Terra Galleria Photography

Upper Missouri River Breaks National Monument’s accessible spot


The longest river in North America, the Missouri River flows for 2,341 miles from Western Montana to St Louis, where it joins the Mississippi River. In 1976, a 149-mile section of the Missouri River in Montana was one of the first river segments to be protected with the Wild and Scenic River designation. Lewis and Clark of the Corps of Discovery traveled this part of the Missouri River during their expedition in 1805. Besides some cattle grazing, it remains much the same as it was back when they passed through. Upper Missouri River Breaks National Monument protects that last free-flowing section of the Missouri River and 375,000 acres of surrounding plains, bluffs, cliffs, and badlands. The word “Breaks” is a geographical reference that describes those rugged landforms eroding (“breaking away”) from uplands to the river bed below.

The monument stretches for about 90 miles from Fort Benton in the west to the Charles M. Russell National Wildlife Refuge to the east, with the river meandering for 149 miles. Many campgrounds, both primitive and developed, are situated on the riverbanks. Those located at each of the landings previously mentioned are developed and accessible by road. The closest towns with travel amenities are Winifred to the south and Fort Benton to the west. The later, more historic and touristy, is in the monument. It is home to the Missouri Breaks Interpretive Center where you can obtain trip planning information, and to Missouri River Outfitters who provides boat rentals, shuttles, and guided trips on the river. There is also a bed and breakfast in the historic settlement of Virgelle, close to Coal Banks Landing.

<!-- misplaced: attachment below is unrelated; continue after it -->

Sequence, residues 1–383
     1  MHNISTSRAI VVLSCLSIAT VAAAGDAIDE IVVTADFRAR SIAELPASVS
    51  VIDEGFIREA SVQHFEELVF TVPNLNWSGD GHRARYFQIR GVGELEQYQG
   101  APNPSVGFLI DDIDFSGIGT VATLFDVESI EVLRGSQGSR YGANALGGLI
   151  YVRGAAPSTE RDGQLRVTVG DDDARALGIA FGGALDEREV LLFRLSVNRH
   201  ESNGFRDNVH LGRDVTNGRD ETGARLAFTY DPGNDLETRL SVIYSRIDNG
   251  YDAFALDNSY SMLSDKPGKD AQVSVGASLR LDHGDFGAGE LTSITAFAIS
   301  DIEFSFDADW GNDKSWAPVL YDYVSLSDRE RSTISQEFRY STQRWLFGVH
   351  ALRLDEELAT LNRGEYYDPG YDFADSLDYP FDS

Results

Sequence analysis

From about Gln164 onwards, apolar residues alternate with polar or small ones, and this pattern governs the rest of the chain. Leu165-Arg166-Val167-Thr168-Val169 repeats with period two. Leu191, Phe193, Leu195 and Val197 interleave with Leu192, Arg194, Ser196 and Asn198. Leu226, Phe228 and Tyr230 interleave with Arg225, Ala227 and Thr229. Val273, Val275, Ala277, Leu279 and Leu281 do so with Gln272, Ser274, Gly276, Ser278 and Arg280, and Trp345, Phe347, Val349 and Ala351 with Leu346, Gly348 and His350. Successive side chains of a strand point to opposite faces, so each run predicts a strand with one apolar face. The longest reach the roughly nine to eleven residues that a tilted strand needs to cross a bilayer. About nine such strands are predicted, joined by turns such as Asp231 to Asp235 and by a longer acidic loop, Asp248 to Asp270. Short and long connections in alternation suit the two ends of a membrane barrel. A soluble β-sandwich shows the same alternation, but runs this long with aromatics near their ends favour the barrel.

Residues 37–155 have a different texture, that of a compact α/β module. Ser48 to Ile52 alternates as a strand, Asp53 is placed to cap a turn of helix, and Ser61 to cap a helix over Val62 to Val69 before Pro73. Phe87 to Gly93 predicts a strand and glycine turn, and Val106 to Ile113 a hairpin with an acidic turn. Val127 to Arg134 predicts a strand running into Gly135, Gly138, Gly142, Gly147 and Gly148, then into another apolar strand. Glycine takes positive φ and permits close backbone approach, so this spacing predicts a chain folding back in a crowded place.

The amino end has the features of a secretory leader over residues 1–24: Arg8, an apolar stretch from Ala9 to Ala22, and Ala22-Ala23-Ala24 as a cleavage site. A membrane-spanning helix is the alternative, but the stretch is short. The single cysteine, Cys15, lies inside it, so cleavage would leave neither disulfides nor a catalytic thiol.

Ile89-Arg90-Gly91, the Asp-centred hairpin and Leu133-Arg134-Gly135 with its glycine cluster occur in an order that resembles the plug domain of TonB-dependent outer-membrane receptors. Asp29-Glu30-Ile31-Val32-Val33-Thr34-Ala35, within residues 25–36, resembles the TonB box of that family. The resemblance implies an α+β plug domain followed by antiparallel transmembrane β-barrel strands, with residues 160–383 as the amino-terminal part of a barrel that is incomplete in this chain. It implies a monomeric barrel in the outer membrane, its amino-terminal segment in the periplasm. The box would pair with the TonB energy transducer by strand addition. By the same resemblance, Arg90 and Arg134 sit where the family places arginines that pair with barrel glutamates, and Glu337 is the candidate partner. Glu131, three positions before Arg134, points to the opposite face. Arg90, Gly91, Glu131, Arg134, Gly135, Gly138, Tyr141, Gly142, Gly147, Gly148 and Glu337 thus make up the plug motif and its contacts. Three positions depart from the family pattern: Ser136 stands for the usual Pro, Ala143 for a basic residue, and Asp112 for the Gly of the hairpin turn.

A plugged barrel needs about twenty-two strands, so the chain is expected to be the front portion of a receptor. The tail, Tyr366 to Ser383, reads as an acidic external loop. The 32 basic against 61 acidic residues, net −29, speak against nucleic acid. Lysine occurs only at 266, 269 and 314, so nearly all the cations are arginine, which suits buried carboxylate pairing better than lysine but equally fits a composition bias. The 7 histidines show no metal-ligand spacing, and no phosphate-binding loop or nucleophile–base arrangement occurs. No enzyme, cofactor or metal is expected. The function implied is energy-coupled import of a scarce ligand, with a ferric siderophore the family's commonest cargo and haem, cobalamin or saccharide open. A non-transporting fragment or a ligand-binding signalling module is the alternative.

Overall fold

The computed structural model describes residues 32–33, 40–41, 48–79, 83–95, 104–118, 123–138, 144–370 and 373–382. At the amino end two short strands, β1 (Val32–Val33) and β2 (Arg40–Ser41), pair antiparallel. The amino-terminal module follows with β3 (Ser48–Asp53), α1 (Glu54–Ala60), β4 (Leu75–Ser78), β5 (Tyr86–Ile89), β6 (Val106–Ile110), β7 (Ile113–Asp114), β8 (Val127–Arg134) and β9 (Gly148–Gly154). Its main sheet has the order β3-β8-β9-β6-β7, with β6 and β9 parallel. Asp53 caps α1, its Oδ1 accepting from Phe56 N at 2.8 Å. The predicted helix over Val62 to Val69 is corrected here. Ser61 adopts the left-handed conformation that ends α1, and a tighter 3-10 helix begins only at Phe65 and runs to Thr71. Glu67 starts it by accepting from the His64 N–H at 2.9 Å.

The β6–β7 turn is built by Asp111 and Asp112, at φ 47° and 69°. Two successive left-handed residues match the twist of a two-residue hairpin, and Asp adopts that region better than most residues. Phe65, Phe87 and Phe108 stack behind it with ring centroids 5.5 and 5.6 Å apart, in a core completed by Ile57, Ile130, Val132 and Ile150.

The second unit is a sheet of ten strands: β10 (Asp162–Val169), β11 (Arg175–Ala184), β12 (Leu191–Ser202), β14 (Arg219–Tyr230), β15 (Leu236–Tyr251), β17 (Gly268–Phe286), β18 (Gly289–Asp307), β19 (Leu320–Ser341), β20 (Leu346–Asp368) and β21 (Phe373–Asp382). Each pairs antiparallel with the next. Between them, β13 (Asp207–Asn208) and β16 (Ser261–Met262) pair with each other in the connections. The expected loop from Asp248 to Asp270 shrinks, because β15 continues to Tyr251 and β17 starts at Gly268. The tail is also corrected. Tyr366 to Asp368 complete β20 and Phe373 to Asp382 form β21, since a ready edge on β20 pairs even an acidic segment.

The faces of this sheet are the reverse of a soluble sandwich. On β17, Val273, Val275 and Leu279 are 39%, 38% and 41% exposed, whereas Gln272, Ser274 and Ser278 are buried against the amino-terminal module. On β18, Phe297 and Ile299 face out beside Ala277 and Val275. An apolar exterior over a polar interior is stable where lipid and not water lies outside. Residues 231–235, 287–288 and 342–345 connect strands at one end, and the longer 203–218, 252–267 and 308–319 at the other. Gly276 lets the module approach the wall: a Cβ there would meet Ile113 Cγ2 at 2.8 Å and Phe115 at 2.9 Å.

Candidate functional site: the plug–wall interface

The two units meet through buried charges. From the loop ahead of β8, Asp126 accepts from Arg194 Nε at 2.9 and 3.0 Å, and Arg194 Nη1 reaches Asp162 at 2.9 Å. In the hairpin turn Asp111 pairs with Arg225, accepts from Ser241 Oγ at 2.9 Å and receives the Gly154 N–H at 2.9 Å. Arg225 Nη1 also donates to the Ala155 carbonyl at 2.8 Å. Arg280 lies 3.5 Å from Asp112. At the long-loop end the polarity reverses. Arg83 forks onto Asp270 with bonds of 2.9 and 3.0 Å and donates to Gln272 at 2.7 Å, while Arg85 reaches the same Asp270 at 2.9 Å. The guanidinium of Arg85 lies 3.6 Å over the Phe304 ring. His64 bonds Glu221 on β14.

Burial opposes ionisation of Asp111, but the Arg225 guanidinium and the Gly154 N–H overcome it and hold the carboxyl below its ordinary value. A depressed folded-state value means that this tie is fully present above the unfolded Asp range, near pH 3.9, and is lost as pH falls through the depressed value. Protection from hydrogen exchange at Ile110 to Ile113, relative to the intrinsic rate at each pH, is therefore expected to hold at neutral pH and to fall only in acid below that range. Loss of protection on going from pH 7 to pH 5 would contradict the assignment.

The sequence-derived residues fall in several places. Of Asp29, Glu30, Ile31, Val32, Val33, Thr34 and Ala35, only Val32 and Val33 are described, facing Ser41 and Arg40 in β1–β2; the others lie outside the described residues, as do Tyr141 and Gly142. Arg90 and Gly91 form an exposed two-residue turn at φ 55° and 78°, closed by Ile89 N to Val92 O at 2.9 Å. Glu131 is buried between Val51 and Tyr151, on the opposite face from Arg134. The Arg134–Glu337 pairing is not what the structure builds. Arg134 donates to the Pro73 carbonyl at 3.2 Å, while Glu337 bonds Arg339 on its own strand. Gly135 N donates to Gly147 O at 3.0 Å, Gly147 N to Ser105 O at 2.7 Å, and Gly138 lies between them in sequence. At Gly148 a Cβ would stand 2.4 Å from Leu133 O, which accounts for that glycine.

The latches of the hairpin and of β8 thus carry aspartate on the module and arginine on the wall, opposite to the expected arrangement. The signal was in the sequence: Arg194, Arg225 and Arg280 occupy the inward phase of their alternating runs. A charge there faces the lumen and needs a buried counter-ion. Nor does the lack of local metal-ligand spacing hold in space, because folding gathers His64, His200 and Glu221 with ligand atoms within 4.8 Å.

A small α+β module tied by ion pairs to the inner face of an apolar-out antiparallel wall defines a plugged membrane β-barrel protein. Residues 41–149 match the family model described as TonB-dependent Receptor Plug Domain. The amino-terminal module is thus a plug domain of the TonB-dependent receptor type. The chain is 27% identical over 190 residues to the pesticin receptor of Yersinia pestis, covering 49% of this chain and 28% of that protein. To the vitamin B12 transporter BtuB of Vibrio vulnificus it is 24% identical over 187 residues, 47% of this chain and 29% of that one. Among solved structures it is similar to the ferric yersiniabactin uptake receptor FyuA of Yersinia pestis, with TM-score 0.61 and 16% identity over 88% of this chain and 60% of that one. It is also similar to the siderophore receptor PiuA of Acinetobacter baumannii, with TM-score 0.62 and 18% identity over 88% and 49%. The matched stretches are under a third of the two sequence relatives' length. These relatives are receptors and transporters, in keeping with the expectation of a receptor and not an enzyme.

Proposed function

(click on map to enlarge)

Naturally, the monument is best seen by paddling a canoe or kayak down the river, this will be the subject of a subsequent article. Most places of interest are very difficult to access without floating. Roads to them can be very rough and become impassable during wet weather because they are made of clay. They also traverse private lands, requiring landowner permission to access. However, besides the landings, there are a few places of interest that are accessible by road, and this article is about the most easily accessible of all. If you don’t have much time and want a glimpse of the monument without floating or significant driving on dirt roads, that would be the spot. Although it appears modest, there is much to photograph there.

Decision Point

Traveling upstream, the Lewis and Clark Expedition stayed for 10 days at this site, at the confluence of the two rivers, trying to determine which one may lead them towards the Pacific Coast. They made the correct decision to follow the south fork, which is the Missouri River, naming the north fork the Marias River. Along the Loma Bridge Road, a 0.25-mile interpretive loop trail tops a bluff with excellent high views of the confluence and a river island. Despite the proximity of the small town of Loma which is within eyesight, the area has retained a peaceful pastoral character.